Armed men loyal to the Houthi movement wave their weapons as they gather to protest against a Saudi-led coalition air strike that hit a hospital operated by Medecins Sans Frontieres in northern Yemen, in the capital Sanaa August 16, 2016. REUTERS/Khaled Abdullah(reuters_tickers)
By Stephanie Nebehay
GENEVA (Reuters) - A group that campaigns for stricter arms sales controls said on Monday that Western powers were breaking international law by selling vast amounts of weapons to Saudi Arabia that are being used to hit civilians in Yemen.
The Control Arms Coalition said Britain, France and the United States were flouting the 2014 Arms Trade Treaty (ATT), which bans exports of conventional weapons that fuel human rights violations or war crimes.
"It is extremely concerning that many transfers are still continuing, in particular the governments of the United States, the UK and France have authorised and are continuing to export very large quantities of weapons, including explosive weapons, bombs which are being used daily against civilians in Yemen," said Anna MacDonald, director of the Control Arms Coalition.
She was speaking to a news briefing as week-long U.N. negotiations began in Geneva aimed at putting teeth into the ATT which lacks a mandatory public reporting system for the $100 billion (76.13 billion pounds) global arms trade.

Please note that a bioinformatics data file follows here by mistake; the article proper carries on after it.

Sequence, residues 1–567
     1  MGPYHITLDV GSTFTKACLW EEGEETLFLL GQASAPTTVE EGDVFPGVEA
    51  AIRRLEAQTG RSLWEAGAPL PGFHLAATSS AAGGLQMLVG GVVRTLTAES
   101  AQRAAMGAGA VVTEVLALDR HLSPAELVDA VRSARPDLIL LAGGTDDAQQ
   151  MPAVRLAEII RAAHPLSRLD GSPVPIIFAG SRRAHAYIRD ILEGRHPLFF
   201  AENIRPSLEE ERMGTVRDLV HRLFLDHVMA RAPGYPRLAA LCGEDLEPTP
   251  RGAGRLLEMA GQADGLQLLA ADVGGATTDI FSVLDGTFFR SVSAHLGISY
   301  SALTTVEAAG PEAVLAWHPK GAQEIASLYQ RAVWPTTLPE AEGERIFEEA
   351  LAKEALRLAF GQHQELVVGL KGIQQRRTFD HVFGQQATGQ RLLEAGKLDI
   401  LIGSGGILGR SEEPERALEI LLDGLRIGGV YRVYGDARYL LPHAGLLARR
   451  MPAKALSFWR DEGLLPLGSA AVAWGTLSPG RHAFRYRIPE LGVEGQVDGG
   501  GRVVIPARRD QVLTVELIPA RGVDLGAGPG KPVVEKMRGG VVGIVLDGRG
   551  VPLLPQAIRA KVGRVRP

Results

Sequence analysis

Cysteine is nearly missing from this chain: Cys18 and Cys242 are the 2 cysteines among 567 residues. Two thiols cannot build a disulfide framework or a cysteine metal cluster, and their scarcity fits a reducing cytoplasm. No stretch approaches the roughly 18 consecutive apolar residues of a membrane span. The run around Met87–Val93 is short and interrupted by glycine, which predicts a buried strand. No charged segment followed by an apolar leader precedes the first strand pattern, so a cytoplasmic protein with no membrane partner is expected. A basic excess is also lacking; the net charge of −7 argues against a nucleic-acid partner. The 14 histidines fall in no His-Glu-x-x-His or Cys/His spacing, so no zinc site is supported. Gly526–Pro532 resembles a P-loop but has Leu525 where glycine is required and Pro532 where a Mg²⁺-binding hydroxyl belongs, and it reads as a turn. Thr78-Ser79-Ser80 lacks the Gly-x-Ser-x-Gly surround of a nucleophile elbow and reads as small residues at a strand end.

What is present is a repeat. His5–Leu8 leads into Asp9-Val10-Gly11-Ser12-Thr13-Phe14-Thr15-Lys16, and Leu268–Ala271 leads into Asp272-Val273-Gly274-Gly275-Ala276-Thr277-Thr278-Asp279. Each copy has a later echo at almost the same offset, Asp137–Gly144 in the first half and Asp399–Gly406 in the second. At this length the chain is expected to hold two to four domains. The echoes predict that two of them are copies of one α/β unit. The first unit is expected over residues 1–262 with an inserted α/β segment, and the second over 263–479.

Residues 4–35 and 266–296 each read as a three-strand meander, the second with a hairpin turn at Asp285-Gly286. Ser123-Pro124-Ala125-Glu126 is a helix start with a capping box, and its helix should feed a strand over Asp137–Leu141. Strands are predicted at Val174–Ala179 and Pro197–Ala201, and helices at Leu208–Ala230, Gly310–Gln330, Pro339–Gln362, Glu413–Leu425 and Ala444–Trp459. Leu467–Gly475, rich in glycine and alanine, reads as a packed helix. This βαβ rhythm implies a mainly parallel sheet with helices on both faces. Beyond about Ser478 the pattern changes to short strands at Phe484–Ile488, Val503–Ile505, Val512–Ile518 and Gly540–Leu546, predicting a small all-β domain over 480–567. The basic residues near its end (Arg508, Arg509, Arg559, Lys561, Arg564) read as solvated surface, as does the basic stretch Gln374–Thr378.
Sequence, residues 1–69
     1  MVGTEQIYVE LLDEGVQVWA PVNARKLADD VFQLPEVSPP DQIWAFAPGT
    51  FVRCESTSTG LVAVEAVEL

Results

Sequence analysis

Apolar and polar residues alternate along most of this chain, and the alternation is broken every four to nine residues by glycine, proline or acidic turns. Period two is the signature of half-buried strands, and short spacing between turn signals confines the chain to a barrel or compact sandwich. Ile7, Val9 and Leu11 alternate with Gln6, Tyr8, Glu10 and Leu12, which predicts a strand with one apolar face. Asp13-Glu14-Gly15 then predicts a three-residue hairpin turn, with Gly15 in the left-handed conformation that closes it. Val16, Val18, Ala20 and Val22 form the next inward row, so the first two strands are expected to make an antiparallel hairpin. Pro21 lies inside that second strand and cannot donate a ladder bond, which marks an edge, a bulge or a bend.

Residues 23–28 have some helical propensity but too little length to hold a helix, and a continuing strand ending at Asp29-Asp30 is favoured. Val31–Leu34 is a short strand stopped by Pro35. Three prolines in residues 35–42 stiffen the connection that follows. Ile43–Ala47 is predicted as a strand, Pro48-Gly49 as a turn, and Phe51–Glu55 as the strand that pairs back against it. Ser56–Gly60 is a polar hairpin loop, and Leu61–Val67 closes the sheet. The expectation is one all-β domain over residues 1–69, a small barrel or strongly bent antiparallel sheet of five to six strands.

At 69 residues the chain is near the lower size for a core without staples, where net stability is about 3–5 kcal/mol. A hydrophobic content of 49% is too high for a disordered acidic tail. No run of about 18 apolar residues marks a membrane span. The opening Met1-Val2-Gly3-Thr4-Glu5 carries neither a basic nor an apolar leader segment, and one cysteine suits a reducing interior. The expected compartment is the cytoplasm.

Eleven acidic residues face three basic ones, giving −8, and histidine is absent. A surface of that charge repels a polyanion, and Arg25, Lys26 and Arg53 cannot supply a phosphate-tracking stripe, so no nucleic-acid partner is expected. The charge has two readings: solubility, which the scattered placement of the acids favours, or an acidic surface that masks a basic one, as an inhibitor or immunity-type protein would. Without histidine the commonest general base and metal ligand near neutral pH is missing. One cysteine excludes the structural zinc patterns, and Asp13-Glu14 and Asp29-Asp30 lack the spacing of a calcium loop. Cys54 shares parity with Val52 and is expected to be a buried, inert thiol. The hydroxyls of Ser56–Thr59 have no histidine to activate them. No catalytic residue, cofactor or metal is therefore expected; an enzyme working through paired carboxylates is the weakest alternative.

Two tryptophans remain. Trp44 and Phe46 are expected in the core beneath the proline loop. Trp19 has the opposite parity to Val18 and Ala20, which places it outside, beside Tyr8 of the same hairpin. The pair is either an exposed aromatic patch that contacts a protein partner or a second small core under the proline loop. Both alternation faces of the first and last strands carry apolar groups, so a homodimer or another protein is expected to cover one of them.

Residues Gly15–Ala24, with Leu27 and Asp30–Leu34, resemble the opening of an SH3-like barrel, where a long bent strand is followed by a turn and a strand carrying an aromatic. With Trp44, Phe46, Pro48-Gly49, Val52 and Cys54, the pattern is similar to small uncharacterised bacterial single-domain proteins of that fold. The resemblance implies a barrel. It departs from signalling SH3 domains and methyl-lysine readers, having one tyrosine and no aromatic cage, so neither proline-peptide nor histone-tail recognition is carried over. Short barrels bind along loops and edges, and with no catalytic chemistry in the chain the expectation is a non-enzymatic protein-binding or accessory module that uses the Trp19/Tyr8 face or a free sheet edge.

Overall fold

France authorised arms licenses worth $18 billion to Saudi Arabia last year, followed by the United States at $5.9 billion and Britain's $4 billion, the group said in its latest study.
Nigeria's ambassador Emmanuel Imohe, who chairs the conference, said: "The allegation is quite grave and it should be of concern to everyone including the ATT secretariat itself."
Medecins Sans Frontieres (MSF) said last week it was evacuating its staff from six hospitals in northern Yemen after a Saudi-led coalition air strike hit one of its hospitals, killing 18 people.
NO BLANK CHEQUE
The coalition says it does not target civilians and accuses the Houthi group that it is battling in Yemen of placing military targets in civilian areas. A body that the coalition set up to look into civilian casualties is investigating the MSF incident, among others.
The war has killed more than 6,500 people since it began 16 months ago and raised the prospect of famine in the Arab world's poorest country.
Outcry over civilian casualties has led some members of the U.S. Congress to push for restrictions on arms transfers. The Obama administration this month approved a potential $1.15 billion arms package for Saudi Arabia.
In a statement on Friday, the Pentagon cautioned that its support for Saudi Arabia in its campaign was not "a blank check," however, and said it has pressed the coalition on the need to minimise civilian casualties.
Campaigners said arms exports also drove fighting in South Sudan last month that killed hundreds, prompting fears of a return to civil war.
"We think that governments of other countries have fuelled this violence by repeatedly authorising arms transfers to South Sudan," said Geoffrey Duke, head of South Sudan Action Network on Small Arms. He named China, Ukraine and South Africa as the main suppliers to the Juba government.
To date, 87 countries have ratified the ATT, while another 46 - including the United States - have signed it, leaving important gaps, Imohe said.
"For example, in the Arab world only Mauritania is listed amongst states parties, while Asia Pacific has only three states parties," he said, referring to Japan, Samoa and Tuvalu.
Amnesty International said: "Big arms traders Russia and China have not joined the ATT and have supplied gross violators of human rights."
(Additional reporting by Phil Stewart in Washington; Editing by Robin Pomeroy)